It’s a slightly unsettling and sinking feeling I get whenever I hear discussion about booksellers and others moving away from E-Ink based ereaders towards tablets. It’s not a hatred of backlit screens and the like, in fact I like them quite a bit.
Rather it’s that such a move is an implicit acceptance that the stand-alone ereader device is moving from a top priority to a secondary one. The concern for me is that as apps, movies, tv shows, music and games become bigger and better businesses for these players, books become less and less important. With such a shift, books become simply PART of a larger media mix as opposed to being the MAJOR element.
This is not a spurious concern either. B&N indicated that their Tablet device was proving a more successful product for them than their E-Ink device was. Especially because it opened up more opportunities and markets. I’ve written a bit about this previously, particularly around the launch of the Kindle Fire:
There is only so much audience attention to go around and as mobile gaming, tv and film watching and web browsing become possible for everyone, it is just possible that digital books will lose out*. Of course maybe the audience that moves digital will be big enough for this to not be an issue, but even so book publishers and authors will need to compete with movies, games and music much more directly and immediately than they have in the past.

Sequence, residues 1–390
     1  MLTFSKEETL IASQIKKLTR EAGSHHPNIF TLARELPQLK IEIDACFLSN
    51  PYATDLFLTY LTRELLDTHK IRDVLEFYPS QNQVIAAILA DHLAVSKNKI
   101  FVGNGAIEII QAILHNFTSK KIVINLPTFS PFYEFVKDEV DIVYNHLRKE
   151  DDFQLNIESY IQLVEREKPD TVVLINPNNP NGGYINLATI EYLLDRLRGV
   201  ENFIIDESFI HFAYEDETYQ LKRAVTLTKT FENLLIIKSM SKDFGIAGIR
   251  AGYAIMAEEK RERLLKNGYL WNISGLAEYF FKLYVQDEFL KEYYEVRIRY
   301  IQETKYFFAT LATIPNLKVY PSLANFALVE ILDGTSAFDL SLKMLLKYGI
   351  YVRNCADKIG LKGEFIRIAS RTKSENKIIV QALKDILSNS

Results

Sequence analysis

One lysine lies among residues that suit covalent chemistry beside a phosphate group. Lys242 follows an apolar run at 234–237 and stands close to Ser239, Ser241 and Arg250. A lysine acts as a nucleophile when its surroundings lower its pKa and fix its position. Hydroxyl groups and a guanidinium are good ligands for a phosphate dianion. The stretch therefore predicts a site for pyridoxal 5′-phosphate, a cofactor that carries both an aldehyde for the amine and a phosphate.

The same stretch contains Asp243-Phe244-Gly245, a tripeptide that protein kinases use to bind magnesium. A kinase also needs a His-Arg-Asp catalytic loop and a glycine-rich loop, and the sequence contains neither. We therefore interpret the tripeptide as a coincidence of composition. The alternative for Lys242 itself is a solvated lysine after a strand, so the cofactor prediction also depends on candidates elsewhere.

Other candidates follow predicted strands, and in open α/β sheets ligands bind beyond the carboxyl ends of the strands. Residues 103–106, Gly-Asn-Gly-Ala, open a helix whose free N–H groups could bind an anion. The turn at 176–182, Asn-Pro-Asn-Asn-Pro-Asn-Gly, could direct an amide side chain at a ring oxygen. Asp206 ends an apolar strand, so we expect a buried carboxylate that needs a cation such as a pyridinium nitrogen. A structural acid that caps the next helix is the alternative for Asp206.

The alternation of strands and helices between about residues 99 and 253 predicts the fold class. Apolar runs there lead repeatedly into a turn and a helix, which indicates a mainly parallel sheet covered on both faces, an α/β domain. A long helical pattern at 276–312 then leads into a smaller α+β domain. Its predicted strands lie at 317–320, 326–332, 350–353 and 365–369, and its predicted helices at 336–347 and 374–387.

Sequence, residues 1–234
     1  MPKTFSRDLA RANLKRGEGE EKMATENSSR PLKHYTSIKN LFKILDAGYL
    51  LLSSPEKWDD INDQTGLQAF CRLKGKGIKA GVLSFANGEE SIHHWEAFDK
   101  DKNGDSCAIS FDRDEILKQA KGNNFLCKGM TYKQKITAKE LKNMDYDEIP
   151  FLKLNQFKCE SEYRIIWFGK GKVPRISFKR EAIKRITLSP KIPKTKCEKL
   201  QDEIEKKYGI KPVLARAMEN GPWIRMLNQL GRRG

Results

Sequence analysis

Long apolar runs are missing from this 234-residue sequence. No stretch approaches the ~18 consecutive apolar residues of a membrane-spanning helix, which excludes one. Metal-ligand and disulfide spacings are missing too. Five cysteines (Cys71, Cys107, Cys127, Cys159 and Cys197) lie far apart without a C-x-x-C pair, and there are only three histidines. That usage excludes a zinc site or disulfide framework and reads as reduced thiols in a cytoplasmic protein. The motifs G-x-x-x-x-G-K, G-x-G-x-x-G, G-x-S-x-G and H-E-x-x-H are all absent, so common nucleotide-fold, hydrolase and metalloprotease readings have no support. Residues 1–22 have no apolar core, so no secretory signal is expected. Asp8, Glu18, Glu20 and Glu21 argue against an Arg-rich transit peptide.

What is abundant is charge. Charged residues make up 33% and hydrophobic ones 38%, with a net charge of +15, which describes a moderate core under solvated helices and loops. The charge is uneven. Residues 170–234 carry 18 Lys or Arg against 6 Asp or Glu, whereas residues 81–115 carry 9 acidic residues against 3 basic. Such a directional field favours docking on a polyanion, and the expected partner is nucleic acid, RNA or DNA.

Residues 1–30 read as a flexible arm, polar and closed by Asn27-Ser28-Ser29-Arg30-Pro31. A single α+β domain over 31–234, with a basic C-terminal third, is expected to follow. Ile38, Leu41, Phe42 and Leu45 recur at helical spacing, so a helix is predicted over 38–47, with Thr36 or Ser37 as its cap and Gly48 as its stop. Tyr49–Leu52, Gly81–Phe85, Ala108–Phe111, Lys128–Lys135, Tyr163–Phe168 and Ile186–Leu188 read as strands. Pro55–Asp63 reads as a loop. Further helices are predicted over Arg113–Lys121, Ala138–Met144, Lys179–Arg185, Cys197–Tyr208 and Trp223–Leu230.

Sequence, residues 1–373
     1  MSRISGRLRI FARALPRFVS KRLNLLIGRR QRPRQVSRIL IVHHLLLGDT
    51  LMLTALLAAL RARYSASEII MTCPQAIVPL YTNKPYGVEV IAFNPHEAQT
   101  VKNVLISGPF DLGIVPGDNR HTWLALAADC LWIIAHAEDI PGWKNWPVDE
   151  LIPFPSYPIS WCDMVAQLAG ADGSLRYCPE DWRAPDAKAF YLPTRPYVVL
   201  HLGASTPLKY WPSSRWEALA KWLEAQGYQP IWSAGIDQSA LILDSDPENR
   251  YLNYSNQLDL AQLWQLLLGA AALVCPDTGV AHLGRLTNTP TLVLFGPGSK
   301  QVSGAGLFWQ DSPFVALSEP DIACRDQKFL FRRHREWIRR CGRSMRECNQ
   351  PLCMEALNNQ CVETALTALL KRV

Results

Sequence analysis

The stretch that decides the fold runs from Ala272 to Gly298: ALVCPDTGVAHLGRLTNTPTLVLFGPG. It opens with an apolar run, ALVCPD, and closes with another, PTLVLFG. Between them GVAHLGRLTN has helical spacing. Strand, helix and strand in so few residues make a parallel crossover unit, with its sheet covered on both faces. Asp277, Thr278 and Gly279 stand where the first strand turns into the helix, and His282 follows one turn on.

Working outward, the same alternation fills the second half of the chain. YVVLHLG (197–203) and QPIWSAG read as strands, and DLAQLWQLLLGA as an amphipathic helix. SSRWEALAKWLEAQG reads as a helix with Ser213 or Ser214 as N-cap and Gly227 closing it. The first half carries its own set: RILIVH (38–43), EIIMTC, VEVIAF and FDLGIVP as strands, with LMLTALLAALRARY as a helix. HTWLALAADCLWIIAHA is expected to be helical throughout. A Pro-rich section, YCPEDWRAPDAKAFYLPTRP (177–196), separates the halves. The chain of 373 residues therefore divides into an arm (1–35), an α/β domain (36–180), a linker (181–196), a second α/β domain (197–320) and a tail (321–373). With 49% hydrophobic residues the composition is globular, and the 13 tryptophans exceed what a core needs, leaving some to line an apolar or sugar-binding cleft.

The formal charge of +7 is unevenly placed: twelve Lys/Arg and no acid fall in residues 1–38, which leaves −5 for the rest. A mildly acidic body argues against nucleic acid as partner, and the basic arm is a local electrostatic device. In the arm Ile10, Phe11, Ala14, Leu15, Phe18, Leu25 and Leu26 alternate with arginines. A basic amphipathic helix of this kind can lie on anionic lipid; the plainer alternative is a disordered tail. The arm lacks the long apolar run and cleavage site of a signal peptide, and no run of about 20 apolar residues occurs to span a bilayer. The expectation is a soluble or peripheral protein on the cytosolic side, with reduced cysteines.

The possibility then that the Kindle Fire presents is one where the dedicated device that has done so much to build the digital book market is, however distantly, headed for a quiet retirement and the publishers who think they have it all so sorted now are going to faced a changed game yet again.
So perhaps you understand why the brace of DigiTimes reports on the topic read this morning left me cold:
Amazon shipped 3.98 million Kindle Fire tablet PCs in the fourth quarter of 2011, taking up a 14% share of the global tablet PC market as well as the second position in the vendor rankings, according to market data.
Due to strong sales of Kindle Fire, Amazon has shifted its focus from e-book readers to tablet PCs, and so plans to launch a 10-inch model in the second half, instead of an 8.9-inch model projected previously, the sources revealed.
Global shipments of e-book readers are expected to reach only two million units in the first quarter of 2012, down from nine million shipped the fourth quarter of 2011, according to Digitimes Research.